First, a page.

Rare Book Monthly
Book Catalogue Reviews - September - 2007 Issue
Modern Literature From Ken Lopez Bookseller
By Michael Stillman
Ken Lopez Bookseller has issued his 145th catalogue of Modern Literature. Most works are from the second half of the 20th century, though dates range from 1899 to the very modern 2007. That lone 19th century listing is Kate Chopin's The Awakening, an early example of what is seen as a modern feminist novel. In all, 240 items are offered. A great many are first editions, often first books by a noted author. Here are a few samples of what is in store for those who collect modern literature.
Item 240 is an unusual advance reading copy of Harper Lee's only novel, To Kill A Mockingbird. This look at racial discrimination in the South in the early days of the civil rights movement provided the nation with serious issues it needed to confront. However, this advance copy for the sales force describes the book as more fun than serious. The publisher says it is rushing this copy to its salesmen so they "may share with us the rare fun and lift in the discovery of a new, fresh talent." Truman Capote chips in, "...a writer with the liveliest sense of life, and the warmest, most authentic humor. A touching book, and so funny, so likeable." That's an odd description for this book. However, the publishers were dead on when they said, "It will...furnish a jackpot of bestseller sales for you during the summer." Priced at $7,500.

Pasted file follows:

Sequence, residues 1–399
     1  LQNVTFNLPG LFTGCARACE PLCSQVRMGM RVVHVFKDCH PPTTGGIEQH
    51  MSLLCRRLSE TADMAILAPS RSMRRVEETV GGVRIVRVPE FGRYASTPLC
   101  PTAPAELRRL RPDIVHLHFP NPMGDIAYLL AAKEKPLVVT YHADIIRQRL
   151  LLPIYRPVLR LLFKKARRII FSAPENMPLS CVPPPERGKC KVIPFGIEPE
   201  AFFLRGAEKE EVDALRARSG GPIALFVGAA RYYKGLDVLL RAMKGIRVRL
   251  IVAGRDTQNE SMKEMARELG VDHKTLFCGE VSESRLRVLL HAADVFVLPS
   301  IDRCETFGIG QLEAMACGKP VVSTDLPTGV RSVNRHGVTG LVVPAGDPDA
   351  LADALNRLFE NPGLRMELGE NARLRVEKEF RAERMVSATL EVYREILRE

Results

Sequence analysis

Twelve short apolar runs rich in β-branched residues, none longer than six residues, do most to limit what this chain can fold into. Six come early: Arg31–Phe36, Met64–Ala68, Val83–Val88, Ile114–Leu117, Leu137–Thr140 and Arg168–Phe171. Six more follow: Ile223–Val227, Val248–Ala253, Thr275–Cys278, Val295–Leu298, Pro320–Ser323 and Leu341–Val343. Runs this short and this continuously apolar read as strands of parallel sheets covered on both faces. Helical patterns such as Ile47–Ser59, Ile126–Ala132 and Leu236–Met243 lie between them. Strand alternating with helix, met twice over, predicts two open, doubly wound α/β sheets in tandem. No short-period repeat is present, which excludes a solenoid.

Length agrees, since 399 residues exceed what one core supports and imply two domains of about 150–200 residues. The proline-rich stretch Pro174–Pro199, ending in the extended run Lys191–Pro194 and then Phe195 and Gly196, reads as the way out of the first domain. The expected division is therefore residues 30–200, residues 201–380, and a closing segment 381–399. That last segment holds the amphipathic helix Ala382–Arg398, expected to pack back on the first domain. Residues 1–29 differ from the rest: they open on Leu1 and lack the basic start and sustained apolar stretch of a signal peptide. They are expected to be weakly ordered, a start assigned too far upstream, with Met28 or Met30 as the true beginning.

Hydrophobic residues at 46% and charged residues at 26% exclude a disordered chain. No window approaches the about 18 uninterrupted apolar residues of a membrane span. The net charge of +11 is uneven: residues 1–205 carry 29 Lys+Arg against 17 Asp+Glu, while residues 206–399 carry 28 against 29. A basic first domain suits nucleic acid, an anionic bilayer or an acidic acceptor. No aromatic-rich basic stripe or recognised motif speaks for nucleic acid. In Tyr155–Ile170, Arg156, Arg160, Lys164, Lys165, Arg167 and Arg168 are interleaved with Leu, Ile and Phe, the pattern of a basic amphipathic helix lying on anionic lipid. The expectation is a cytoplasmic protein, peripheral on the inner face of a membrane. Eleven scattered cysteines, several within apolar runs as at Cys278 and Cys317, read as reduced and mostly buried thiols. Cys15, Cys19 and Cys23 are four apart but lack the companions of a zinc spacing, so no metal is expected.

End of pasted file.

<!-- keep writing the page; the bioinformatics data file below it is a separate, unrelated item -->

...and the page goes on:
The Satanic Verses is one of the most known works of the past few decades, though not for the reasons author Salmon Rushdie might have hoped. This was the book that put Rushdie under a death threat from the fanatic Ayatollahs of Iran. Rushdie spent many years in hiding as a result. Before the Ayatollahs got their copy of his book, about twenty copies of a photocopied typescript, complete with author's corrections, were put together for Viking's staff. This is one such prepublication copy, inscribed by Rushdie to a member of the sales staff. Item 185. $3,500.
Item 34 is the first Ballantine paperback edition (from 1965) of Anthony Burgess' A Clockwork Orange. This look at a violent and authoritarian future would become better known after the Stanley Kubrick film of the same name was released in 1971. This copy is inscribed by Burgess on the title page and signed by William Burroughs, who provided a blurb, on the rear cover. $375.
Speaking of Burroughs, item 35 is a copy of his first book, Junkie. Confessions of an Unredeemed Drug Addict. Burroughs published this book in 1953 under the pseudonym "William Lee." Publisher Ace decided to promote this as an anti-drug book, so they bound it together with Maurice Helbrant's memoir Narcotic Agent. $1,750.